Processing Question #6 (10 minutes): With your team, develop at least five different routes between the two locations. Make sure that every member of your team understands how to use Google Maps because every member of your team must have at least one unique route with clear instructions on how to get from one place to the next. All routing instructions should be written onto your “routing-protocol.txt” file.
NOTE: Please come up with and choose reasonable routes. For example, going all the way to Georgia or North Carolina or Canada isn’t reasonable, but it might be reasonable to drive a little out of the way to reach I-4 or the 417 in order to eventually come back to Milwee.
Step #4 – Understanding Why – When someone sitting at one computer presses “send” on an email, that message is turned into a packet of information that begins to go toward a destination. In order to reach that destination, the packet must follow a path, or a route. But with thousands of computers sending their own packets of information, sometimes the fastest routes get congested (sort of like a traffic jam), so the packets of information have to go follow alternate routes, which may sometimes be slower. This process of two or more computers trying to communicate back and forth is called a network. And every network has a set of rules, or protocols, that instruct that packet on where to go at every turn, just like you and our team decided there was more than one way to get from one point to the next
Activity #2 (10-15 Minutes): Developing Global Protocols (Teacher Led)
IDEA DEMO #3 – PACKET SWITCHING (Moving Information)
All information comes in different sizes. For example, if you send your friend a text that says “hey,” then this will travel faster and take less time to reach your friend than a picture or a video. The larger a piece of information, the harder it is for that information to reach its destination. Sometimes the information has to be broken down into packets that get moved around. Try to imagine that we had to move all of the computers in this classroom to another room. We could not simply pick up this room and put it on top of the next room. We would have to move everything in pieces. The computers have to be taken apart and put back together again. The same is true of information. Depending on how large or small it is, information moves the same way. In pieces, or packets.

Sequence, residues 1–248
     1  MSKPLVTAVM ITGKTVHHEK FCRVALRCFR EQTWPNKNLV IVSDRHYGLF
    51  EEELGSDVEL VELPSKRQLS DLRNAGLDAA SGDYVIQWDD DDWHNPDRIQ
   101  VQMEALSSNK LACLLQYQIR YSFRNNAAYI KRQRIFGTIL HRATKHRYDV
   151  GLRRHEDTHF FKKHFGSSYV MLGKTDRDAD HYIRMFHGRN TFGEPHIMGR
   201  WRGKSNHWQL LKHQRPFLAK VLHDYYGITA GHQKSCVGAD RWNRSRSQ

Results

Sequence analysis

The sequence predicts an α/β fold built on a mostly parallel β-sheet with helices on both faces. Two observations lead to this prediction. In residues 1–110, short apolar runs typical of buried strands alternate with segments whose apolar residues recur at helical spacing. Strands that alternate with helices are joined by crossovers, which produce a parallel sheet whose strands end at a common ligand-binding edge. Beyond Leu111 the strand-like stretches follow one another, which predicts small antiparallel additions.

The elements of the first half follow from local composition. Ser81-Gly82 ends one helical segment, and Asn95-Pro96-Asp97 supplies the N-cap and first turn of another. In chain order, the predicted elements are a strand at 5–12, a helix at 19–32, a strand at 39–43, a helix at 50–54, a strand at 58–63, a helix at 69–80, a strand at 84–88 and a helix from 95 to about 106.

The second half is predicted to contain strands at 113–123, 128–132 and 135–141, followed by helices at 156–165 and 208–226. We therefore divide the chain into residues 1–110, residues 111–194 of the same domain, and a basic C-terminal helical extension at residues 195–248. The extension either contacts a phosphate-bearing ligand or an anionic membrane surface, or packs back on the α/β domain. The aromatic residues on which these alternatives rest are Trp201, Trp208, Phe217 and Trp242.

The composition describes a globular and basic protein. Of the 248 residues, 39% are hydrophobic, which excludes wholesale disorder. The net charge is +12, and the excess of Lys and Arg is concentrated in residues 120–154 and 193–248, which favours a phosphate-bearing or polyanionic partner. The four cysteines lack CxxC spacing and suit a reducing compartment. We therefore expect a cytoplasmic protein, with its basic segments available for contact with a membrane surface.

The bigger the file, like a picture or a video, the more pieces it has to be broken into. And once those pieces are broken up, they become packets that travel across the network. The only problem is that these packets do not all travel along the same routes. Remember that idea about routing protocols? If a big piece of information is broken into lots of pieces, or packets, then those packets might get thrown across multiple routes. We call this packet switching.
Activity #3 (10 Minutes): Packet Sizing
Now that we have a better understanding of how computers were taught to communicate through a variety of network ideas, we also need to learn how the various files that move between computers can also come in different sizes.
Step #1: Open up your U:Drive and make sure that you have a folder called WebDesign.
Step #2: Go into your WebDesign folder and make sure that you have the following subfolders:
Step #3: Go to your Start Menu and search for “Notepad,” then open up Notepad (not Notepad++)
Step #4: Make sure there is nothing typed into your Notepad, then use “Save As” to save a new file called “filesize.txt” into your “misc” folder.
Step #5: Go to your “misc” folder and right-click on the “filesize” file you just created, then go down to Properties and look at the size. On a computer, files are measured in “bytes,” so how big is it?
Step #6: Now go back to your Notepad and type a single letter, save your work, and check the file size again. How big is it now?
*Every character, or space, that is used (including space itself) equals 1 byte
Step #7: Now go back to your Notepad and type “Four Score and Seven Years Ago,” save your work, then check the file size. How big is it now in bytes? Does that match the number of bytes you typed?
Step #8: (Time Permitting) A Similar Demo in Paint with a single pixel image.